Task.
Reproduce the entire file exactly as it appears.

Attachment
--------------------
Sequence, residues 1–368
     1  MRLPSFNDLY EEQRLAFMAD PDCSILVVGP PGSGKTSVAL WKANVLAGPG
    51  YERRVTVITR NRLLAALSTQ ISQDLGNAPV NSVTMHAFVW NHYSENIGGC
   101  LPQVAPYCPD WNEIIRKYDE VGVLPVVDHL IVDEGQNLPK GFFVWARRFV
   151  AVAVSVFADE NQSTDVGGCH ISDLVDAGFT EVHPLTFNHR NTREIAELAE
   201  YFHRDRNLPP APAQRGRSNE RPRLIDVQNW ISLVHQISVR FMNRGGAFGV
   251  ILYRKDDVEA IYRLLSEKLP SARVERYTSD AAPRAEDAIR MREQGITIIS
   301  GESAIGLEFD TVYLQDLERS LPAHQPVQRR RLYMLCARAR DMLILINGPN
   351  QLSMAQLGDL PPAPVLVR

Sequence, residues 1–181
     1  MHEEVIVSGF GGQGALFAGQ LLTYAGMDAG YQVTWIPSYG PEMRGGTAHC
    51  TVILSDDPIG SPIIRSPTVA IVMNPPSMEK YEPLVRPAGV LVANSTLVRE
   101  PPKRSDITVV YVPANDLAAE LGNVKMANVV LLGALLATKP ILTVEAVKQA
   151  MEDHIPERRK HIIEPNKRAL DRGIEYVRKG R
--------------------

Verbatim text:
Sequence, residues 1–368
     1  MRLPSFNDLY EEQRLAFMAD PDCSILVVGP PGSGKTSVAL WKANVLAGPG
    51  YERRVTVITR NRLLAALSTQ ISQDLGNAPV NSVTMHAFVW NHYSENIGGC
   101  LPQVAPYCPD WNEIIRKYDE VGVLPVVDHL IVDEGQNLPK GFFVWARRFV
   151  AVAVSVFADE NQSTDVGGCH ISDLVDAGFT EVHPLTFNHR NTREIAELAE
   201  YFHRDRNLPP APAQRGRSNE RPRLIDVQNW ISLVHQISVR FMNRGGAFGV
   251  ILYRKDDVEA IYRLLSEKLP SARVERYTSD AAPRAEDAIR MREQGITIIS
   301  GESAIGLEFD TVYLQDLERS LPAHQPVQRR RLYMLCARAR DMLILINGPN
   351  QLSMAQLGDL PPAPVLVR

Sequence, residues 1–181
     1  MHEEVIVSGF GGQGALFAGQ LLTYAGMDAG YQVTWIPSYG PEMRGGTAHC
    51  TVILSDDPIG SPIIRSPTVA IVMNPPSMEK YEPLVRPAGV LVANSTLVRE
   101  PPKRSDITVV YVPANDLAAE LGNVKMANVV LLGALLATKP ILTVEAVKQA
   151  MEDHIPERRK HIIEPNKRAL DRGIEYVRKG R